“Work for Yourself” Applies to All of Us (DE Coast Press)

Woman concentrating sitting at computer

I have an acquaintance who owned successful businesses and employed people his entire life. He is now retired. In order to fill his spare time, he took a job working in a small specialty store. Money was not really a factor for him, but the adjustment from “employer” to “employee” has been a challenge. It’s interesting how we generally think in only two contexts: working for yourself, and working for somebody else.

The ideal motivation, no matter whether you’re the boss or the employee, is to be productive. If your life is better off for having done the work, it gives “working for yourself” a whole new meaning.

Many people automatically assume it’s easier to be self-employed, but they forget that ownership also brings risk and responsibility. As the boss, you have to answer to customers, stockholders or whatever the case may be. The extra burdens might or might not be worth it.

Some people yearn for self-employment because they want independence and autonomy. One of the biggest emotional barriers to branching out on your own is fear of risk. Is self-employment always riskier than being employed by someone else? Not necessarily, says Steve Pavlina, author of “10 Myths about Self-Employment.” He says, “Security comes from control, and self-employment gives you more control over your income than you have with a regular job. When you’re self-employed no one can fire you or lay you off.  Which is more secure – owning your income stream or leasing it? Ownership, obviously.”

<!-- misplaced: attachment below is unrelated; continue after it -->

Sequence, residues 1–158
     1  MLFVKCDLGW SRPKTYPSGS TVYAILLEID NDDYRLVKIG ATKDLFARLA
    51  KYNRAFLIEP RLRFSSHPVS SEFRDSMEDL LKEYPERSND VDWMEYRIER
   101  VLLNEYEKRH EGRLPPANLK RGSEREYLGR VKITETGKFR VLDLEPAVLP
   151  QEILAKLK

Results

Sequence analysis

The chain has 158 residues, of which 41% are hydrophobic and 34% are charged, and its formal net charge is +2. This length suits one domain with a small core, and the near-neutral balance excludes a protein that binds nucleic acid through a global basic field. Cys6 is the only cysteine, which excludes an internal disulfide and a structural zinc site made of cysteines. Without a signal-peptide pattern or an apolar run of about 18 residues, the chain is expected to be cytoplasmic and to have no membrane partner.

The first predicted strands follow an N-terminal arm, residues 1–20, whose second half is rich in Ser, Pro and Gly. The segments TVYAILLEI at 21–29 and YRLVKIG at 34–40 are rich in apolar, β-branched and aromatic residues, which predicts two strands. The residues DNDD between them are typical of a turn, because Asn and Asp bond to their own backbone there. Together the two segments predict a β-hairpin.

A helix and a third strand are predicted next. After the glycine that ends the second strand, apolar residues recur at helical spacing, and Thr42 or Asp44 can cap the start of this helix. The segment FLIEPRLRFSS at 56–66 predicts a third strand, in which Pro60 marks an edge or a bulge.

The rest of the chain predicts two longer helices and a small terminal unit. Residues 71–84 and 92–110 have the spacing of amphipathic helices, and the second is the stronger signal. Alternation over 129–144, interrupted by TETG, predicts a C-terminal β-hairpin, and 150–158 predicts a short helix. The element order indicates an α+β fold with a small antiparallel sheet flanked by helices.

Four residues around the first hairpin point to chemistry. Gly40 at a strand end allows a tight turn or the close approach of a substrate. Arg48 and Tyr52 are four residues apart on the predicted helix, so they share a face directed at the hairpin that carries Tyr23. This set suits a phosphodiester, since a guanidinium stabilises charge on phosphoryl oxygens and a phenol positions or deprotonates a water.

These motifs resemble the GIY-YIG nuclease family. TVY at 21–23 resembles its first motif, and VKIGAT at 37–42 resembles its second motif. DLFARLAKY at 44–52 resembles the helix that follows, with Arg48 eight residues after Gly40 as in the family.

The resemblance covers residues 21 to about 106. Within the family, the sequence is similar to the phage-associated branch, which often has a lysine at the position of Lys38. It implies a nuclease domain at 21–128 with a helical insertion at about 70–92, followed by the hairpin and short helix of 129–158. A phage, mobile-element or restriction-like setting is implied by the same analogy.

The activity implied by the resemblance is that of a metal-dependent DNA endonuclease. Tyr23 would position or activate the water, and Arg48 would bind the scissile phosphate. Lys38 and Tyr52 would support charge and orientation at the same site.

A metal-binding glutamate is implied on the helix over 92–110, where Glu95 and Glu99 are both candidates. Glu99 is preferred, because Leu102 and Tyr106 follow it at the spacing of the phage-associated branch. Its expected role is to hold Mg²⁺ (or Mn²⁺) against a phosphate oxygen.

As we continue to endure high unemployment figures, these words ring more true than ever. But being employed by an established company can provide a false sense of security. “I have this job now and I’ll be taken care of forever.” Well, it doesn’t always work out that way (note the bankruptcy of General Motors back in ‘09). It’s not whether self-employment is inherently better or worse, it’s all about what you want, what you need, and what matches your talents.

People with impressive skills that are being paid for these skills by a large employer have told me, “I could legally and ethically branch out on my own tomorrow. Most of my clients would follow me. But I can’t do it.” When I ask why, all I get are vague references to health insurance, “security” and the like. Or they say, “I wouldn’t have my sick leave and vacation days.” Well, of course you wouldn’t! When you work for yourself, your time is your own. You can give (or not give) yourself all the days off you want. Another happy tradeoff for a business owner is that it’s often easier to ride out economic cycles because you don’t have just one customer; you have a bunch of them. By working to keep as many of them happy as possible, you’re buffered against economic downturns in ways that corporate employees are not. For some people, that can symbolize a reduction in stress.

And then there’s the saying, “The customer is always right.” If you’re self-employed, you’ll certainly have to deal more directly with customers’ concerns. But if you’re doing an honest job, most problems will get resolved. And if a customer is being irrational, you get to decide which ones aren’t worth the trouble. As Pavlina writes, “If you’re self-employed, feel free to fire customers that cause you grief. Some customers just aren’t worth having.”

If you like the idea of being self-employed someday, start now by developing a “self-employment attitude.” Treat your current job as part of your career track to bigger things. Don’t look to others to take care of you. Don’t fixate on what you’re “getting” or “not getting” from your employers. They are not your mommy and daddy. Become independent by thinking independently.

Total independence isn’t for everyone. The hours can be long and the risks can be high. But then there’s the freedom and increased security that having control can bring. Those old Gershwin lyrics sum it up nicely: “Nice work, if you can get it. And you can get it if you try.”

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